Reports are filtering through that delegates at the annual Australian AusCERT security conference were given USB sticks replete with malware. It would appear that the Oz telco Telstra handed out the memory sticks, unware of the malware payload, during a security tutorial of all things.
The malware apparently took advantage of the Windows autorun feature in order to transfer itself onto whatever host the stick got plugged into, well whatever Windows host that is. As luck would have it, the particular malware in question is only rated as being a low risk according to McAfee which has examined one of the rogue devices.
Being a journalist who specializes in IT security pretty much these days, and so who gets to attend a lot of security conferences, I cannot say I am altogether surprised. I have lost count of the number of such events where I have been able to quickly scan and detect numerous unsecured wireless networks and where 'researchers' attend with the express intention of finding such security holes and jumping in with both feet to see what resources can be compromised. Often it is the people who should know best who seem most liable to suffer from complacency, and security conferences are a great example of this genre of should have known better syndrome.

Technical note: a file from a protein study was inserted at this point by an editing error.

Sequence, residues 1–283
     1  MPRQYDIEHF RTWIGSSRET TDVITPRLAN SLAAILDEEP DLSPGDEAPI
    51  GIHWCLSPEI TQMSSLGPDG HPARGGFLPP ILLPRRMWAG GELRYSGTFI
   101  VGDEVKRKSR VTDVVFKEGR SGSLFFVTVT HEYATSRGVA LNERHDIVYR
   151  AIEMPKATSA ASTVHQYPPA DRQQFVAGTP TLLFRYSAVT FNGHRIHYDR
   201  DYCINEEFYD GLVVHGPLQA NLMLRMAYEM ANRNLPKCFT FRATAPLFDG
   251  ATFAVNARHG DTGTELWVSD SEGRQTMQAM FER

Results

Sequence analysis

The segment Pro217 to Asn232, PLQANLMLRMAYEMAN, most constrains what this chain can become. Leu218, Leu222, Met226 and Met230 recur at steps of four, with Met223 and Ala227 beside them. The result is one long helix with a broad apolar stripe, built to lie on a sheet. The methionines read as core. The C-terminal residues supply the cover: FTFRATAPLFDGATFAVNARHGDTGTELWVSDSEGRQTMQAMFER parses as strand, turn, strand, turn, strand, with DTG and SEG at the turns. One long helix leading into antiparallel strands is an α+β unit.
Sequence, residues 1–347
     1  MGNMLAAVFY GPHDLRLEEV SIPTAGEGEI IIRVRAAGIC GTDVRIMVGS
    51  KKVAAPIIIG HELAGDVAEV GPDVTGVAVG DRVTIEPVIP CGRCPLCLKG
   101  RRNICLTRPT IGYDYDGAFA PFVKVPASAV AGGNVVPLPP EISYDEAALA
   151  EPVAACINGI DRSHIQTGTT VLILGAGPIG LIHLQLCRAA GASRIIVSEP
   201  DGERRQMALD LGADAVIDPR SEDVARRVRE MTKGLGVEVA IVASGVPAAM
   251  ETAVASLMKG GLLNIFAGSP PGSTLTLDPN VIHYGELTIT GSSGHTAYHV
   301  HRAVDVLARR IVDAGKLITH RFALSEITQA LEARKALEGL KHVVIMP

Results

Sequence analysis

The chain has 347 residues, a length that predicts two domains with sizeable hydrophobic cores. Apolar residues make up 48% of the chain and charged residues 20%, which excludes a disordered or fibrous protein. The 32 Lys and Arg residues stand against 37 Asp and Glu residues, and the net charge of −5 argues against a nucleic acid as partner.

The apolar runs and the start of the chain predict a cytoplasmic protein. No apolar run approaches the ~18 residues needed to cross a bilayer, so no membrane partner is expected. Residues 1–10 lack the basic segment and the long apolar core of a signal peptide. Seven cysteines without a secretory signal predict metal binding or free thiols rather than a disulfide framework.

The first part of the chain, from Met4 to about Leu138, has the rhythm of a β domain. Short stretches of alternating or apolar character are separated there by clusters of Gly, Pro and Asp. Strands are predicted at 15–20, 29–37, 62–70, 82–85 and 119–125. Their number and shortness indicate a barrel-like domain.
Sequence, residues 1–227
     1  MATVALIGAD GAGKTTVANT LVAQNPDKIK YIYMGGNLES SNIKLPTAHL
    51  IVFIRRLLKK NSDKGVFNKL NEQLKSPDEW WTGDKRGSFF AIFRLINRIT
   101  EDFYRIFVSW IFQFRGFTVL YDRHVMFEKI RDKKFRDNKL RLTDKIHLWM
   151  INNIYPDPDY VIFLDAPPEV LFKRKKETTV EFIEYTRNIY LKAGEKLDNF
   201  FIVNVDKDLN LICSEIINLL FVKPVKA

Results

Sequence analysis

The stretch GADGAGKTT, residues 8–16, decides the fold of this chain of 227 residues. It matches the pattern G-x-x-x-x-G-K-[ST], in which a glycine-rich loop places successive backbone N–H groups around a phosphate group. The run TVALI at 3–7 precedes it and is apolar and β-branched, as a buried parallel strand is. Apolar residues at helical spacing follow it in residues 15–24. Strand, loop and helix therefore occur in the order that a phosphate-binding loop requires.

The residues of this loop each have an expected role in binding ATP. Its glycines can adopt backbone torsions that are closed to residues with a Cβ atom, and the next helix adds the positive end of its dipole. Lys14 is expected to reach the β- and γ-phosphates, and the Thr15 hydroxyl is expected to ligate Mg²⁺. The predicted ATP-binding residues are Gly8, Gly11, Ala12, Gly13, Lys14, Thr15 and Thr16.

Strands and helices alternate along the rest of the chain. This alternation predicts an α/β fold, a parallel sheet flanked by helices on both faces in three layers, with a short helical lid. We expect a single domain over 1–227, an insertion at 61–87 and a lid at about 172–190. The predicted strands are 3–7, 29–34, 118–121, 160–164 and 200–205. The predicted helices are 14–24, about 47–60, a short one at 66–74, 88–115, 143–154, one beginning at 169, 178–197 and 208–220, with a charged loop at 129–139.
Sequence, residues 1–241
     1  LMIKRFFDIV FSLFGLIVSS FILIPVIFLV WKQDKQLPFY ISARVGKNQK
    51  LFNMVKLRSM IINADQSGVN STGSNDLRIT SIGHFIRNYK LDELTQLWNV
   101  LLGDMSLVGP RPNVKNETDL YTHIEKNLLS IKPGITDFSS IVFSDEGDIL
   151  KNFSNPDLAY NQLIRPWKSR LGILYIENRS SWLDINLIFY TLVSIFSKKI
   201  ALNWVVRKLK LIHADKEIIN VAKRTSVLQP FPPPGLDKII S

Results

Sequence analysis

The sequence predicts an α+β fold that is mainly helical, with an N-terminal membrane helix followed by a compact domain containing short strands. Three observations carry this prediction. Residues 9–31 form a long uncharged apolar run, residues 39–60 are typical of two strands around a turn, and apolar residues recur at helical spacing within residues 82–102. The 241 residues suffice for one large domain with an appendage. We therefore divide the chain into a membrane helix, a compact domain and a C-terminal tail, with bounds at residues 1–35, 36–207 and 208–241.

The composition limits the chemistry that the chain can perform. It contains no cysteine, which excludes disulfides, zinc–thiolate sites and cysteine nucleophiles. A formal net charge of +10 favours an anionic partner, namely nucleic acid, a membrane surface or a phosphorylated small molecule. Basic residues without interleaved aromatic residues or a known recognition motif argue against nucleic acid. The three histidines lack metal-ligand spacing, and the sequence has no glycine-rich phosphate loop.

I was at a huge security conference in Europe last year where the press room had open terminals for use by journalists to file reports, check email and do whatever research needed doing in the press room between interviews. Sitting down to take my place after a very high profile and very highly respected IT security writer I was bemused to find myself able to access his Gmail web based email account in its entirety as he had forgotten that this was a public terminal and therefore had not flushed the browser cache to delete his login data. I fired up the default IE browser, navigated over to Gmail and found myself sitting at his login prompt with autocomplete happily going about completing his login information for me.
I have seen USB memory sticks used in all sorts of security exploits as well, not least in the case of so called 'seeding' where infected sticks are left on desks or even pavements in strategic locations, just waiting for the one employee of the target organization who cannot resist the urge to see what is on there to insert it into a desktop machine.
So you could say I am not easily surprised, but what does surprise and rather shock me about this particular case in Australia is that the USB sticks being distributed by a large telco were apparently pre-owned, second-hand ones. I mean, how cheap do you have to be to use pre-owned USB sticks? These things are so cheap brand new that you will be finding them in Xmas crackers soon...